Randall filed the instant petition pursuant to 28 U.S.C. 2254, though at the time of filing he actually was a pretrial detainee with respect to the charges in Mississippi. His petition for federal habeas relief as to those charges are governed by 28 U.S.C. 2241. See Dickerson v. Louisiana, 816 F.2d 220, 224 (5th Cir. 1987). It is undisputed that Randall entered a guilty plea and has been sentenced to the charged offense in Pearl River County Circuit Court. See Doc. [8-1]. Accordingly, to the extent that Randall's petition is interpreted as a request to be brought to trial, the issue is now moot because the lawfulness of his pretrial detention is no longer in controversy. See Yohey v. Collins, 985 F.2d 222, 228-29 (5th Cir. 1993); Fassler v. United States, 858 F.2d 1016, 1018 (5th Cir. 1988); see also United States v. Jennings, 891 F.2d 93, 95 (5th Cir. 1989)(holding that guilty plea waives any non-jurisdictional defects preceding the plea).
To the extent that Randall sought, as a pre-trial detainee, to have the charges dismissed against him based on a speedy trial claim, this claim is without merit. See Braden v. 30th Judicial Circuit Court of Kentucky, 410 U.S. 484, 489 (1973)("federal habeas corpus does not lie, absent special circumstances, ' to adjudicate the merits of an affirmative defense to a state criminal charge prior to a judgment of conviction by a state court."). The Supreme Court has held that a habeas petition may not disrupt pending state criminal proceedings by attempting to litigate constitutional defenses prematurely in federal court. Braden, 410 U.S. at 493. Randall's request to have charges dismissed against him based on a speedy trial claim is not attainable through federal habeas corpus. See Brown v. Estelle, 530 F.2d 1280, 1283 (5th Cir. 1976). The undersigned concludes that Randall's habeas petition is either moot or fails to state a claim and therefore should be dismissed.
Based on the foregoing, the undersigned recommends that Respondent's  Motion to Dismiss be GRANTED and that Justin Randall's habeas petition be dismissed.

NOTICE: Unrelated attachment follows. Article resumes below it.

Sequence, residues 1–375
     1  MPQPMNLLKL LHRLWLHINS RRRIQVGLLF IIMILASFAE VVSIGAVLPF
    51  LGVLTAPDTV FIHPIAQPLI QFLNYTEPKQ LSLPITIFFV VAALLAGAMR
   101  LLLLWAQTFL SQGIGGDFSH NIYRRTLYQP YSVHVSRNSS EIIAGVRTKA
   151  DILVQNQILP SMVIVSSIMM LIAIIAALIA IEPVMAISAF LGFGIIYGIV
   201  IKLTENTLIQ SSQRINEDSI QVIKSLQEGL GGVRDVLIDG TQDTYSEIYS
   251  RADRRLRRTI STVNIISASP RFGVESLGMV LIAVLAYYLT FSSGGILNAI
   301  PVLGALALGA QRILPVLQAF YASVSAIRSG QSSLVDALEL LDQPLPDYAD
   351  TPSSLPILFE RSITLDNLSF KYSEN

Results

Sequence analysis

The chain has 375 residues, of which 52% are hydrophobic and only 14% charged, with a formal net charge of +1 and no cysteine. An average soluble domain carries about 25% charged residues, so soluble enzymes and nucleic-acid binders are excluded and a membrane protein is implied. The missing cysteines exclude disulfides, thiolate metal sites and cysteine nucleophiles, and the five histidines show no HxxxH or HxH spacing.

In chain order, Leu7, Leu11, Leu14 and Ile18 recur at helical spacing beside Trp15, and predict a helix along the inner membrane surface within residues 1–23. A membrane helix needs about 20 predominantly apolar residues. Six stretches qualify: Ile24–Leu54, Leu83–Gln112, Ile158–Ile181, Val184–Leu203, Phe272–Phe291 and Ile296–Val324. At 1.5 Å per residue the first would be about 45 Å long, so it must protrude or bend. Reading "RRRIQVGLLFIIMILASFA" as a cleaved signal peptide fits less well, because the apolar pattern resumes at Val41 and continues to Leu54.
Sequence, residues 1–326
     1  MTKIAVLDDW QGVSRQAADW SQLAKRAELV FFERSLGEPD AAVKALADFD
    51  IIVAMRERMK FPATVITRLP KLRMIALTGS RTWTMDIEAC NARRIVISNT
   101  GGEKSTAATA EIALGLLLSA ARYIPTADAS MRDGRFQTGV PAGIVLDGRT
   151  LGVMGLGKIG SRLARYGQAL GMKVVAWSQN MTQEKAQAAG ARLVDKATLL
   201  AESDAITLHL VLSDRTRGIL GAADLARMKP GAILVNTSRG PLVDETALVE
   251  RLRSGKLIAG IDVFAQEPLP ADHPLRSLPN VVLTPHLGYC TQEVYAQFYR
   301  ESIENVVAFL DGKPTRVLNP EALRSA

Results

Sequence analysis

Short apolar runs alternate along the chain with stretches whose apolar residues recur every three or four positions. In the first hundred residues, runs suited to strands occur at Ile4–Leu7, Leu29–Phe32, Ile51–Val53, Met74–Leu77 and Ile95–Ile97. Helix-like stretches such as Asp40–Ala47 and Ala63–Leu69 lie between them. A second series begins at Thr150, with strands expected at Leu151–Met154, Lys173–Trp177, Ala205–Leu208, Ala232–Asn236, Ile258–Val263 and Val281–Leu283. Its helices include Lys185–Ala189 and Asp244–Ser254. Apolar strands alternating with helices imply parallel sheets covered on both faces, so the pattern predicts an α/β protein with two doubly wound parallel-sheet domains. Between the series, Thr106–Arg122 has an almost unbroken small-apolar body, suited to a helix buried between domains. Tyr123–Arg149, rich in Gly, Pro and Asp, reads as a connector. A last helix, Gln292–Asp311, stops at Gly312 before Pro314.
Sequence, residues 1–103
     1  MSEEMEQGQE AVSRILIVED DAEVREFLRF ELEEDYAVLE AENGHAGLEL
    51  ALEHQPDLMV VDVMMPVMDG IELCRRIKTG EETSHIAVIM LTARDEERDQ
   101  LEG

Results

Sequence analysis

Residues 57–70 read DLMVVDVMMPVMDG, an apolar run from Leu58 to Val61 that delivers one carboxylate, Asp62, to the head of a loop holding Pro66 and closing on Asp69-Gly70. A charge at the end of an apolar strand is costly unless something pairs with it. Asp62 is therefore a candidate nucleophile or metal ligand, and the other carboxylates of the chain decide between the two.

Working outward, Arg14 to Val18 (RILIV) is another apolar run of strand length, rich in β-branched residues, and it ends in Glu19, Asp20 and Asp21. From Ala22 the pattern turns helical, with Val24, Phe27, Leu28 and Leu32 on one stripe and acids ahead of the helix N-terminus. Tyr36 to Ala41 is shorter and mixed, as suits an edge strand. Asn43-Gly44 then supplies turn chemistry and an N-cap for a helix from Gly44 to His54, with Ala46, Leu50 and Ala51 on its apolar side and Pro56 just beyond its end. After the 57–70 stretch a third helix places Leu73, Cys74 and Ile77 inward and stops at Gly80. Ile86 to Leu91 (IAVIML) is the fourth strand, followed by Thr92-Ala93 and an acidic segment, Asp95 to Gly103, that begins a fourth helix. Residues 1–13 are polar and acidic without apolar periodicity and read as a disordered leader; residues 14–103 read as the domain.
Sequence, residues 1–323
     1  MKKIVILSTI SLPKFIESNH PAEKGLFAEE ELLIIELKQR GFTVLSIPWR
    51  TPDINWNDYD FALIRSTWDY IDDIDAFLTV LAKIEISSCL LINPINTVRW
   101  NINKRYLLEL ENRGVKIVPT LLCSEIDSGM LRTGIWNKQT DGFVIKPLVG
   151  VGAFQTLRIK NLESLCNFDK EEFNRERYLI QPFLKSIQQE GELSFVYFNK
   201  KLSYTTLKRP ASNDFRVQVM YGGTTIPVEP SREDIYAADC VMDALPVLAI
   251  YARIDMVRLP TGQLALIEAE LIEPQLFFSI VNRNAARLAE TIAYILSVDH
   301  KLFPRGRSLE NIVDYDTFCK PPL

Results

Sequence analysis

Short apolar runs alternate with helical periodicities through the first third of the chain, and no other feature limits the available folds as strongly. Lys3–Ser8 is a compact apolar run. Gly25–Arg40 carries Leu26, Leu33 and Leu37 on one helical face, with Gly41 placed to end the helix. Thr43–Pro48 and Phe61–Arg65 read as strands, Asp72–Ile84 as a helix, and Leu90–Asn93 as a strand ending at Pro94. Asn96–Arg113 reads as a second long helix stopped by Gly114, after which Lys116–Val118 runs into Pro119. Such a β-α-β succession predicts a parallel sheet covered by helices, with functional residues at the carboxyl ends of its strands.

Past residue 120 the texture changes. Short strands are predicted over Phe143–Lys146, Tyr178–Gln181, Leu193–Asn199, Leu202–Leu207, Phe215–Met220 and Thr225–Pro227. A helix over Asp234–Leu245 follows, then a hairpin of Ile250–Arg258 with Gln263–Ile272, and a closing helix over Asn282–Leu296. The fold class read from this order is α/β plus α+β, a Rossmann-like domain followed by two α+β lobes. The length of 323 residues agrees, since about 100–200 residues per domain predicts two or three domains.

NOTICE OF RIGHT TO APPEAL/OBJECT
Pursuant to 28 U.S.C. § 636(b)(1), any party who desires to object to this report must serve and file written objections within fourteen (14) days after being served with a copy unless the time period is modified by the District Court. A party filing objections must specifically identify those findings, conclusions and recommendations to which objections are being made; the District Court need not consider frivolous, conclusive or general objections. Such party shall file the objections with the Clerk of the Court and serve the objections on the District Judge and on all other parties. A party's failure to file such objections to the proposed findings, conclusions and recommendation contained in this report shall bar that party from a de novo determination by the District Court. Additionally, a party's failure to file written objections to the proposed findings, conclusions, and recommendation contained in this report within fourteen (14) days after being served with a copy shall bar that party, except upon grounds of plain error, from attacking on appeal the proposed factual findings and legal conclusions that have been accepted by the district court and for which there is no written objection. Douglass v. United Services Automobile Association, 79 F.3d 1415, 1428-29 (5th Cir. 1996).